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Must Reads of the Week: Boko Haram in Nigeria, an Aging Japan, and more

Author: Editors
October 18, 2013


The War for Nigeria
By James Verhi
National Geographic

"In the national collective consciousness, Boko Haram has become something more than a terrorist group, more even than a movement. Its name has taken on an incantatory power. Fearing they will be heard and then killed by Boko Haram, Nigerians refuse to say the group's name aloud, referring instead to 'the crisis' or 'the insecurity.'"

 Boko Haram militants raided the town of Benisheik Residents watch as two men walk amidst rubble after Boko Haram militants raided the town of Benisheik, west of Borno State capital Maiduguri September 19, 2013. (Photo: Courtesy Reuters)
Japan Offers an Unsettling Glimpse of All of our Futures
By Gideon Rachman
Financial Times

"Japan is also a global trendsetter in other, more troubling ways. If the policy makers of Europe and North America want a sense of the social, economic and strategic challenges they may face in the coming years, they should visit Japan…"

Women and Conflict in Afghanistan
International Crisis Group

"If patchy implementation of the laws that protect and empower women raises doubts of Kabul's commitment, women are as much, if not more concerned about the efforts, with international backing, to broker peace with the Taliban. They have been sidelined in a process that will determine their future and that of their country."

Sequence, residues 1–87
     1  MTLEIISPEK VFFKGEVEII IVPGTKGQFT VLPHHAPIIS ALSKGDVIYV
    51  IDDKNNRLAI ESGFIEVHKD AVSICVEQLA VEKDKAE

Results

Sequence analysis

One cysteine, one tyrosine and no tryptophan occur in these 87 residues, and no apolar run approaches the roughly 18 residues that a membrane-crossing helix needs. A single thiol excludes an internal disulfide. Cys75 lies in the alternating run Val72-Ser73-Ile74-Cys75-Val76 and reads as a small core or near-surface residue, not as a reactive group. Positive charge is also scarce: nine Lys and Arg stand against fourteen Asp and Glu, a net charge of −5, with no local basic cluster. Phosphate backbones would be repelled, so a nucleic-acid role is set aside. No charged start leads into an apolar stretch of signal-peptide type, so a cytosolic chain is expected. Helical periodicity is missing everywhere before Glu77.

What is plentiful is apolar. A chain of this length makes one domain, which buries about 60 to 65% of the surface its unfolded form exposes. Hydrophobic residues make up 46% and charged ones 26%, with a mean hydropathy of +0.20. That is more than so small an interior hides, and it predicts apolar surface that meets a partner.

Why OPEC No Longer Calls the Shots
By Daniel H. Yergin
Wall Street Journal

"Although the OPEC embargo seemed to provide proof that the world was running short of oil resources, the move by Arab exporters did the opposite: It provided massive incentive to develop new oil fields outside of the Middle East—what became known as 'non-OPEC,' led by drilling in the North Sea and Alaska."

This Bond Manager Hates Bonds
By Tommy Stubbington
Wall Street Journal

"Managing a bond fund these days is a peculiar business. Global central banks have aggressively supported government bonds, driving up—many would say distorting—their prices. Market observers generally agree that support will eventually ebb, bringing prices back down and bond yields up, but no one can be certain when. What is an investor to do?"

Xi Jinping, Li Keqiang Mount Diplomatic Offensive in Southeast Asia
By Teddy Ng
South China Morning Post

"Poor relations with China might push Southeast Asian nations into joining the US-dominated Trans-Pacific Partnership trade deal that does not include Beijing, and also make them less enthusiastic towards the Regional Comprehensive Economic Partnership that Beijing is supporting."

Must Reads sample analyses, reporting, and inquiries on foreign policy from around the web selected each week by CFR Editors. See more Must Reads here.

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